Hyaluronan in skin: aspects of aging and its pharmacologic modulation

Clin Dermatol. 2008 Mar-Apr;26(2):106-22. doi: 10.1016/j.clindermatol.2007.09.013.


Hyaluronan is a glycosaminoglycan polymer prominent in embryogenesis and in tissues undergoing repair. It is responsible for the water content of skin, where half the hyaluronan of the body is present. As in other tissues, it undergoes rapid turnover. Its biology is vastly different between dermis and epidermis. Levels do not diminish with age but instead become increasingly associated with tissues and resistant to extraction in vitro. Hyaluronan-binding proteins are involved, most of which remain unidentified. Hyaluronan size is critical for its various functions. High molecular size reflects intact tissues and antiangiogenic and immunosuppressive state, whereas smaller polymers are distress signals and potent inducers of inflammation and angiogenesis.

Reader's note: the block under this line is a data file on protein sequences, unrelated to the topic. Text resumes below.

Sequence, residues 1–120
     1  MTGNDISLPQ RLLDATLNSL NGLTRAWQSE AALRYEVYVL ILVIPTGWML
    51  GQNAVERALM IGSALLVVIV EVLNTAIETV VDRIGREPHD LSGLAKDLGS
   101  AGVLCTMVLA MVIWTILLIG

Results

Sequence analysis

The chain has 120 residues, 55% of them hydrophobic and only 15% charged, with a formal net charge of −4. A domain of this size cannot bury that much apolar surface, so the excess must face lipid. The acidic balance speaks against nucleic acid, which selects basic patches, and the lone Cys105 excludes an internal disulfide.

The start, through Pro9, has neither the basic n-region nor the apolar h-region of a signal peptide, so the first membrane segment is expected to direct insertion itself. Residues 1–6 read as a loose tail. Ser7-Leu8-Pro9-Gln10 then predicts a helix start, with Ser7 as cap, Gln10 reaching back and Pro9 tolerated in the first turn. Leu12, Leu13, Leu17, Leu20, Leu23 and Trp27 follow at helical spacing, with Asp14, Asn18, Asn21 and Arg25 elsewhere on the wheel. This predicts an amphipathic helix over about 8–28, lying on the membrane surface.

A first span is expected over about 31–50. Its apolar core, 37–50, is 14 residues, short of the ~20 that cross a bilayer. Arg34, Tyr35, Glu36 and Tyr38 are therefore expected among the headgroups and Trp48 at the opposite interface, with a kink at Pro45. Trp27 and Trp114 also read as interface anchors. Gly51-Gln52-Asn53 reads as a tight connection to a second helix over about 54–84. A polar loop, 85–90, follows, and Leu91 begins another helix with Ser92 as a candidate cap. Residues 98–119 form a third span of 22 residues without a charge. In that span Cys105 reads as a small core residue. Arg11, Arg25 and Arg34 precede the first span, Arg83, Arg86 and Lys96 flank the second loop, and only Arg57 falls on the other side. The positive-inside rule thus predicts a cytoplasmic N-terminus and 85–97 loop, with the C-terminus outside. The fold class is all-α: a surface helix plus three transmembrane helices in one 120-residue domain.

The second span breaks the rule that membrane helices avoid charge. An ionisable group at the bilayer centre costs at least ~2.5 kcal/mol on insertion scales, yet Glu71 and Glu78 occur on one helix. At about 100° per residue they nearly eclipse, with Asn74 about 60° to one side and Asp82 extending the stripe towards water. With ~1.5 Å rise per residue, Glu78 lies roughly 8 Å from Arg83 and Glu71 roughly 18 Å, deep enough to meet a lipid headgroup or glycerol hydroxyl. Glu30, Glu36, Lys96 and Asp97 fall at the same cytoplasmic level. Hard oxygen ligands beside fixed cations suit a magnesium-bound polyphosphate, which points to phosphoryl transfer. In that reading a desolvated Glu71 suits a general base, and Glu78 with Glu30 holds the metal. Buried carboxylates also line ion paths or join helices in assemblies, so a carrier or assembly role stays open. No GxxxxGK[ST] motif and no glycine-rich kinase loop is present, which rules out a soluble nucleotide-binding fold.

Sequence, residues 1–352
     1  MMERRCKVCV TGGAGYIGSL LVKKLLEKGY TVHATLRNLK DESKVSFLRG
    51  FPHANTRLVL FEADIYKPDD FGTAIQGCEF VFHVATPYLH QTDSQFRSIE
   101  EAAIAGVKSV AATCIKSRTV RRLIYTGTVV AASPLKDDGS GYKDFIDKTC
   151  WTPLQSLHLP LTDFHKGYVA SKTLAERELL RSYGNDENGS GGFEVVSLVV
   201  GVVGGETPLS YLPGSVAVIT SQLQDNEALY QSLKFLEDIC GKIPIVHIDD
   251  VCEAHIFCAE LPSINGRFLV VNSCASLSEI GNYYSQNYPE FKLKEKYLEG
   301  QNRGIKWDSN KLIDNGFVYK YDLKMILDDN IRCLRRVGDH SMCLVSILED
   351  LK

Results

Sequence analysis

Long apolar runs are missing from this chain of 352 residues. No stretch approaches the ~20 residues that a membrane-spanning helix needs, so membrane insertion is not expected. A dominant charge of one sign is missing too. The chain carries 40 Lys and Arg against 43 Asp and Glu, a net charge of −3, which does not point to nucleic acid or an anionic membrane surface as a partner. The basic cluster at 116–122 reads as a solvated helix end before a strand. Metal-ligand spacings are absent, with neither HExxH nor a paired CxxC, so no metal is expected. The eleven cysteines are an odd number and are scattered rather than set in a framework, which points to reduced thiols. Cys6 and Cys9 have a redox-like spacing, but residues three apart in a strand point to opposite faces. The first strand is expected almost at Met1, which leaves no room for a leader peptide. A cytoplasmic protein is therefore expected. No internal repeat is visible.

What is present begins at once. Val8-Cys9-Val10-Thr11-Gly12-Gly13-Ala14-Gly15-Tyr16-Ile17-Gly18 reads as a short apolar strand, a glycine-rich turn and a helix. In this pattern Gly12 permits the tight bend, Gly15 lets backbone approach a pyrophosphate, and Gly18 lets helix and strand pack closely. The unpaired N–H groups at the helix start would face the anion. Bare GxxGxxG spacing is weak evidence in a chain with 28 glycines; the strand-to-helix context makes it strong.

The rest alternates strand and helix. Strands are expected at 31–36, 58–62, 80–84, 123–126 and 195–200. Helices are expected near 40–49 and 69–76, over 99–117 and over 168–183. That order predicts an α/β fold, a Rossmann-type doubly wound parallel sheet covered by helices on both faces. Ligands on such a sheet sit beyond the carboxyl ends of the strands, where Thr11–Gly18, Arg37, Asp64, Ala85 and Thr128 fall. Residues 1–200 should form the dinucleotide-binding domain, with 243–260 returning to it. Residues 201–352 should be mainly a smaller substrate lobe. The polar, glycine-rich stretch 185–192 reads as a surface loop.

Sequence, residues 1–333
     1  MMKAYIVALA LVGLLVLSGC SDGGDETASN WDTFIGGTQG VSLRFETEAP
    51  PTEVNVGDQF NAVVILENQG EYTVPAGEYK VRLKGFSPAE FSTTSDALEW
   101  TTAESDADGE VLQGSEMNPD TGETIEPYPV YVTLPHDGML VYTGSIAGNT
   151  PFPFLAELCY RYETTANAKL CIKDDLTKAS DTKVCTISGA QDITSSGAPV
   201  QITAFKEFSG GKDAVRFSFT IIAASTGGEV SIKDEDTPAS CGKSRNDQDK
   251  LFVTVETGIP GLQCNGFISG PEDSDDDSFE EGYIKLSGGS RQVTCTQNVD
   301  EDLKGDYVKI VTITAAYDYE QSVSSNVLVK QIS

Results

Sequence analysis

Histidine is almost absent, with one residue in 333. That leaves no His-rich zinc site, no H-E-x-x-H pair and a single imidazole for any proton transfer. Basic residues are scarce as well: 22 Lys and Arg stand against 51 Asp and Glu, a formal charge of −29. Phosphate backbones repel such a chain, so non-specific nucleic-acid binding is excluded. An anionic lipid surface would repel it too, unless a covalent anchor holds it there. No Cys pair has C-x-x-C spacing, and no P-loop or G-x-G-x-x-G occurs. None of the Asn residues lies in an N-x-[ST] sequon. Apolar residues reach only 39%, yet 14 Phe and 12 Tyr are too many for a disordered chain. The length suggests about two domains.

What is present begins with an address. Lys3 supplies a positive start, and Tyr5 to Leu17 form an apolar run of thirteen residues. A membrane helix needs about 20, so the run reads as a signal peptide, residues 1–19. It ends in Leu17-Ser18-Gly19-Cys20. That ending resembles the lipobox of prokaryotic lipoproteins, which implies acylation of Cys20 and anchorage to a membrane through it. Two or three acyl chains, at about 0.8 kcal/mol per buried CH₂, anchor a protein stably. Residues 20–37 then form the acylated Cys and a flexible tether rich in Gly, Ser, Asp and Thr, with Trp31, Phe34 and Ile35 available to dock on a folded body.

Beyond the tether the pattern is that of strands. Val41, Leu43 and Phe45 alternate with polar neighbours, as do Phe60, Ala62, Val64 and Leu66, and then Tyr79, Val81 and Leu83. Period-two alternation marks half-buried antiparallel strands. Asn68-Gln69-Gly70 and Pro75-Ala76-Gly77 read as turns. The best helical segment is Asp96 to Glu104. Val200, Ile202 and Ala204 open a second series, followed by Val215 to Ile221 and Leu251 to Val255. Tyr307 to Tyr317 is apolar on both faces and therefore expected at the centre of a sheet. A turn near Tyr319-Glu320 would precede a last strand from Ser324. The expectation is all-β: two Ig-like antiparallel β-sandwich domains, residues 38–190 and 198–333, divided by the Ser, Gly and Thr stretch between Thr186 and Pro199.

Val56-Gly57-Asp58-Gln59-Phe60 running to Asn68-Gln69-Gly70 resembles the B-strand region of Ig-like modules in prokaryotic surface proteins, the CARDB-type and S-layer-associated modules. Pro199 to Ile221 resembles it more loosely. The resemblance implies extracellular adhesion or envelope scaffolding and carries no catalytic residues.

MeSH terms

  • Adjuvants, Immunologic / chemistry
  • Adjuvants, Immunologic / pharmacology
  • Adjuvants, Immunologic / physiology
  • Adjuvants, Immunologic / therapeutic use
  • Aging / physiology*
  • Extracellular Matrix / metabolism
  • Humans
  • Hyaluronan Receptors / pharmacology
  • Hyaluronic Acid / chemistry
  • Hyaluronic Acid / pharmacology*
  • Hyaluronic Acid / physiology
  • Hyaluronic Acid / therapeutic use
  • Skin Physiological Phenomena
  • Wound Healing / physiology


  • Adjuvants, Immunologic
  • Hyaluronan Receptors
  • Hyaluronic Acid